Even in one of the league's most recent marquee commercials -- featuring Flyers star Jeremy Roenick and Saturday Night Live alumnus Tracy Morgan for a video game -- the boat is missed. This isn't to say the spot isn't funny, but Roenick doesn't speak word-one in it. Let's recap: You're paying perhaps the NHL's most intriguing personality to hawk your wares, and you put the mute button on him the whole time. (Now, if you wanted a guy who never says anything, there's a Detroit-area goalie -- at least, for the short term -- with some time on his hands that would've been a much better selection.) All in all, it might very well be the most colossal waste of a mouth since Creed was founded.
In the players' defense, you can understand where the hesitancy to do or say anything out of the ordinary originates. Their coaches want them to be
interchangeable parts of a system that thumbs its nose at individual creativity. They spend their lives hearing about the joys of the team concept, that the whole is more important than its parts, that real men suck it up and forego words for action. Those beliefs are bound to earn players their spot in the honorable athletes' hall of fame, but they aren't conducive to moving hockey above arena football on the SportsCenter lineup. The game needs good citizens, but it also needs said citizens to wise up, open up and answer some important questions.
Like, why is playing with passion such an important part of the process for athletes, yet talking with passion is like stealing candy from a baby and giving it to a diabetic?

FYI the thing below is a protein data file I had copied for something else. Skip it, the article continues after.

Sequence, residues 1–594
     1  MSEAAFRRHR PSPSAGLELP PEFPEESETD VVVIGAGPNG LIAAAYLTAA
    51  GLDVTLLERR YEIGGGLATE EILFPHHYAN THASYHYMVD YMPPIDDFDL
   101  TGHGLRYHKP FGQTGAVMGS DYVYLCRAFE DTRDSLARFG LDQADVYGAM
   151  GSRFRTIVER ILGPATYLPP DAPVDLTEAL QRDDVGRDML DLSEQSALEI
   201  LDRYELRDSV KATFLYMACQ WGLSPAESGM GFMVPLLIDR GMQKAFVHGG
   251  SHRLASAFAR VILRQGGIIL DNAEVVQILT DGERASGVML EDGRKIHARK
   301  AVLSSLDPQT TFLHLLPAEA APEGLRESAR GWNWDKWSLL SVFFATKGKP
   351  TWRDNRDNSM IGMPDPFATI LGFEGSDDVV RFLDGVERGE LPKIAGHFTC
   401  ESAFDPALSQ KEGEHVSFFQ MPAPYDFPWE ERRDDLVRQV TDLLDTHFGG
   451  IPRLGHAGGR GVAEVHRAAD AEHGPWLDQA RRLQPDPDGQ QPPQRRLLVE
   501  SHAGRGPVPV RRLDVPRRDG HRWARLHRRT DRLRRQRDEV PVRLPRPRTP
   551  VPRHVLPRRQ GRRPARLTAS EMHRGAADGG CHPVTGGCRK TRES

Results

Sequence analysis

Like, why can't the league persuade players and officials to speak their minds, while at the same time avoiding personal attacks such as the jab Garth Snow took at Martin Brodeur? (For the unfamiliar, Brodeur commented on the ever-controversial size of fellow goalie Snow's equipment. Snow replied
with a comment on Brodeur's rocky personal life. There's a difference there, and one that should be as vehemently discouraged as comments about or within the game are encouraged.)
Injecting new life into hockey isn't something to be written into the league's next collective bargaining agreement. It's more of an attitude, an acceptance of diversity among players and of the realities of the industry they have thrived in that must be fostered. Because when you've got crowds of less than 10,000 people coming out for games in some NHL markets, consumers are telling you what they don't want -- namely, the current product. Instead, consider this wish list:
• Give us Roenick talking trash to former teammate Roman Cechmanek.
• Give us a 24-7 reality show with Brett Hull and family.
• Give us the increasingly outspoken Mike Modano and his thoughts on the direction of the Stars and the state of the game.
• Give us Bob Gainey's white-hot contempt for fans that would further torment Patrice Brisebois.
• Give us guys who aren't afraid of having their words on the other team's bulletin board.
• Give us people who recognize that personalities, guaranteed win predictions, thrown-down gauntlets and verbal confrontations are the best parts of pro sports.
And if you're not going to give us any of those things, at least give us a pillow and a glass of warm milk. But don't sell it to us -- heaven forbid we ask for any more selling than is necessary.
E-mail Adam Proteau at firstname.lastname@example.org.